This is a truly magnificent Victorian hand-painted satinwood and harewood console table, dating from the late 19th Century.
This remarkable console table has a stunning crossbanded demi-lune top profusely hand-painted with fabulous decoration comprising of superb floral and foliate ornaments all in the manner of Angelica Kauffman. The centre features a wonderful grisaille painting of a classical scene – a maiden gracefully bathes the feet of a seated gentleman, both dressed in classical attire.
It has an equally exceptionally decorated frieze with splendid ribbon tied swags, and it is raised on four elegant square tapering legs.
This console table is truly unique and is guaranteed to bring beauty and charm to your home for many years to come.
In excellent condition having been beautifully cleaned and polished in our workshops, please see photos for confirmation.
Dimensions in cm:
Height 75 x Width 92 x Depth 45
Dimensions in inches:
Height 29.5 x Width 36.2 x Depth 17.7
Angelica Kauffman, RA (1741 – 1807)
was a Swiss-born Austrian Neoclassical painter who had a successful career in London and Rome. Though born as “Kauffmann”, Kauffman is the preferred spelling of her name in English; it is the form she herself used most in signing her correspondence, documents and paintings.
While Kauffman produced many types of art, she identified herself primarily as a history painter, an unusual designation for a woman artist in the 18th century. History painting, was considered the most elite and lucrative category in academic painting during this time period. Under the direction of Sir Joshua Reynolds, the Royal Academy made a strong effort to promote history painting to a native audience who were more interested in commissioning and buying portraits and landscapes.
Despite the popularity that Kauffman enjoyed in British society and her success as an artist, she was disappointed by the relative apathy that the British had towards history painting. Ultimately she left Britain for the continent, where history painting was better established, held in higher esteem and patronized.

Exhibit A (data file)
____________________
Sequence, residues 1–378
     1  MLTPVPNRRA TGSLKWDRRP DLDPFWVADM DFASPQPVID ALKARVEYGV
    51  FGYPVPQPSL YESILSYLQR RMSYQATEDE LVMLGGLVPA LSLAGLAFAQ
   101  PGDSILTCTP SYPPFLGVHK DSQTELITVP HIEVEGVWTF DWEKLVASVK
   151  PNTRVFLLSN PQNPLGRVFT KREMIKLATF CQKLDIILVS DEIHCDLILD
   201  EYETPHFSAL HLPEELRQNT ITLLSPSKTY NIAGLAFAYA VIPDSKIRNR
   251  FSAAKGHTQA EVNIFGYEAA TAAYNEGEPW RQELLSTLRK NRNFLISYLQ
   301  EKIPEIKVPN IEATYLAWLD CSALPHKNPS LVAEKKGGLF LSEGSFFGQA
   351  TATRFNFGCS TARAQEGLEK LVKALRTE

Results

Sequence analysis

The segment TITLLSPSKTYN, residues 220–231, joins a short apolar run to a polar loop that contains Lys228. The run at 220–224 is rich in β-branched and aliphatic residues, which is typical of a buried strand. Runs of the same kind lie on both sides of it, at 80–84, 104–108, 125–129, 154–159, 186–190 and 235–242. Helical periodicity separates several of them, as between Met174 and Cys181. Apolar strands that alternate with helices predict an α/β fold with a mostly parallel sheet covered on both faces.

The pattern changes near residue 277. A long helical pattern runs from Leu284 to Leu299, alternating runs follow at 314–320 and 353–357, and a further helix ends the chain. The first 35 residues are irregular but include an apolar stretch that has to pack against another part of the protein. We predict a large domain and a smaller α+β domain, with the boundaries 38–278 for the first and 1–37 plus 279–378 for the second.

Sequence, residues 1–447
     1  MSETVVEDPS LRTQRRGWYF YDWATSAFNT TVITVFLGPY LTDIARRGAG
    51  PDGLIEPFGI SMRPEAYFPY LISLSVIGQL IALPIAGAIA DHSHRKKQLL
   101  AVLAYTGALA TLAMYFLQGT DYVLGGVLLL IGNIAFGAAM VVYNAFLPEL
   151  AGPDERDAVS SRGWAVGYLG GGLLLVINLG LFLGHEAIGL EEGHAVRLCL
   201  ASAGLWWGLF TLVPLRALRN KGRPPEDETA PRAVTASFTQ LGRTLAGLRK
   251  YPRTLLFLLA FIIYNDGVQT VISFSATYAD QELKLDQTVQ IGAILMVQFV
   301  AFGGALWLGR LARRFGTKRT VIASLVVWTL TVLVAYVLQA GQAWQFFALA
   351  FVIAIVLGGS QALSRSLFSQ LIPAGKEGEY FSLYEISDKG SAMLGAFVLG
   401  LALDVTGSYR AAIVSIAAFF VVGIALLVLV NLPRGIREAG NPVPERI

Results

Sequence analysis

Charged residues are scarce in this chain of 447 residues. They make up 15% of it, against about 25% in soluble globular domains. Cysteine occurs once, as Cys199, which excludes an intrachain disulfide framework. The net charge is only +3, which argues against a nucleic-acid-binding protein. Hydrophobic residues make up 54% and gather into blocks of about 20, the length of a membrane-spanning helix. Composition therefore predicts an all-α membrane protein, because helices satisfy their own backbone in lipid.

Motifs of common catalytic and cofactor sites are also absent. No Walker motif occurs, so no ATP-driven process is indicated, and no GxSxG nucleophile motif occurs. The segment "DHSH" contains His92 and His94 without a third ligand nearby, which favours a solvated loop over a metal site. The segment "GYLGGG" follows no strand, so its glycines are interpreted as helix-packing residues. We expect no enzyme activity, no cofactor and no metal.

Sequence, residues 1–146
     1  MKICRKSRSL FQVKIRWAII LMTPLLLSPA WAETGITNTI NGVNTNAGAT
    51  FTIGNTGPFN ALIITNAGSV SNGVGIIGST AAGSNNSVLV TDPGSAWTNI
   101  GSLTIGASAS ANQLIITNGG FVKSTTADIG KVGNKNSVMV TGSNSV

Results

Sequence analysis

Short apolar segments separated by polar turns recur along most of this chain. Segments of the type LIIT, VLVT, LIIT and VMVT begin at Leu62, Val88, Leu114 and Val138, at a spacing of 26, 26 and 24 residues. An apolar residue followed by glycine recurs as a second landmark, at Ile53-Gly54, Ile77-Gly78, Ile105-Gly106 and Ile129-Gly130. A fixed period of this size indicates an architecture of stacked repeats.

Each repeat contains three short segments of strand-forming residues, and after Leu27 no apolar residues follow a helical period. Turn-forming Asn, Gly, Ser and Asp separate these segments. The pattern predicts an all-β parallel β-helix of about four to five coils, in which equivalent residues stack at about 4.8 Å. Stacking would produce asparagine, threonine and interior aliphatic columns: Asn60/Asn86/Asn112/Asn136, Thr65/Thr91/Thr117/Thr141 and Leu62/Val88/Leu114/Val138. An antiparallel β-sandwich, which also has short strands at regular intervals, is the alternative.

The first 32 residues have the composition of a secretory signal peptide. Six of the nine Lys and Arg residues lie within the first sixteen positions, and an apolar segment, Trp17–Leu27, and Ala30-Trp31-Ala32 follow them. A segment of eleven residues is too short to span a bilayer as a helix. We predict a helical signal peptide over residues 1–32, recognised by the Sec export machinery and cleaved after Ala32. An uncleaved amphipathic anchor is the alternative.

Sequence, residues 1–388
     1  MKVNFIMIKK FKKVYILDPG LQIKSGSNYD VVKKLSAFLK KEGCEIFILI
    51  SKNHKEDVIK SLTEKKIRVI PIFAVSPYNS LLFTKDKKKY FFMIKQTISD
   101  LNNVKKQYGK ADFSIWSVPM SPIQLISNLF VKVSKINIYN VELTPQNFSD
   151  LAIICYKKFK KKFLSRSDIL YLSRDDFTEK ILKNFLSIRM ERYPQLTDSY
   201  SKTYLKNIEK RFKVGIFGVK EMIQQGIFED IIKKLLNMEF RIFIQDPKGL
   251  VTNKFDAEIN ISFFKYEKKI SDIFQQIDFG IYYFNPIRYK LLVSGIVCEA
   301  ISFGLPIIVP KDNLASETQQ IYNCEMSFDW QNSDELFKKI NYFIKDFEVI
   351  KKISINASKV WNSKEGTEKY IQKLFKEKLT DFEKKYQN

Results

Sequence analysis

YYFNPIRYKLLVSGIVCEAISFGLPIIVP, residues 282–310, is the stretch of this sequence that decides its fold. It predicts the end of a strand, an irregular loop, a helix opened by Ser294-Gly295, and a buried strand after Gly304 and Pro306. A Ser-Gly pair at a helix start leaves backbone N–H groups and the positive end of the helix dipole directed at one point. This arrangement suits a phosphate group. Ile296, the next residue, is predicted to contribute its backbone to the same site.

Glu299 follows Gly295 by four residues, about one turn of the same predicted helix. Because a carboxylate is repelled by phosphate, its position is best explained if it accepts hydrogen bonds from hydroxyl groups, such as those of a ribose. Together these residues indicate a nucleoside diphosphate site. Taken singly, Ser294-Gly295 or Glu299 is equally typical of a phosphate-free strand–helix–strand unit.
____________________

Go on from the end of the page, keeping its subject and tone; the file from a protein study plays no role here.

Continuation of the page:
The works of Angelica Kauffman have retained their reputation. By 1911, rooms decorated with her work were still to be seen in various quarters. At Hampton Court was a portrait of the duchess of Brunswick; in the National Portrait Gallery, a self-portrait. There were other pictures by her at Paris, at Dresden, in the Hermitage at St Petersburg, in the Alte Pinakothek at Munich, in Kadriorg Palace, Tallinn (Estonia).
is a hard and durable wood with a satinlike sheen, much used in cabinetmaking, especially in marquetry. It comes from two tropical trees of the family Rutaceae (rue family). East Indian or Ceylon satinwood is the yellowish or dark-brown heartwood of Chloroxylon swietenia.
The lustrous, fine-grained, usually figured wood is used for furniture, cabinetwork, veneers, and backs of brushes. West Indian satinwood, sometimes called yellow wood, is considered superior. It is the golden yellow, lustrous, even-grained wood found in the Florida Keys and the West Indies.
It has long been valued for furniture. It is also used for musical instruments, veneers, and other purposes. Satinwood is classified in the division Magnoliophyta, class Magnoliopsida, order Sapindales, family Rutaceae.
The term harewood or airwood originally described a type of maple wood with a curled or “fiddleback” figure, used to make the backs of stringed instruments. In 17th-century England it was imported from Germany.
In the 18th century airwood came to be used by marqueteurs; for most artificial colours they used holly, which takes vegetable dyes very well, but airwood was employed either in its natural off-white state or stained with iron sulphate to produce a range of silver and silver-grey hues. The reason that airwood was preferred to holly for this colour was that it gave a metallic sheen or lustre, while holly dyed by the same process turned a rather dead grey. The use of airwood in this way meant that by the 19th century it was associated specifically with that colour, and at the same time name gradually changed from airwood to harewood.
In a relatively short space of time the action of the chemicals, together with natural oxidization, turns harewood brown, sometimes with a greyish or greenish hue, which is how the wood now appears on old marquetry. The notion that harewood and other coloured woods can be produced by injecting dyes into the roots of trees appears to be an old wives’ tale of some antiquity, perhaps propagated by marqueteurs to protect their trade secrets.
Our reference: 09788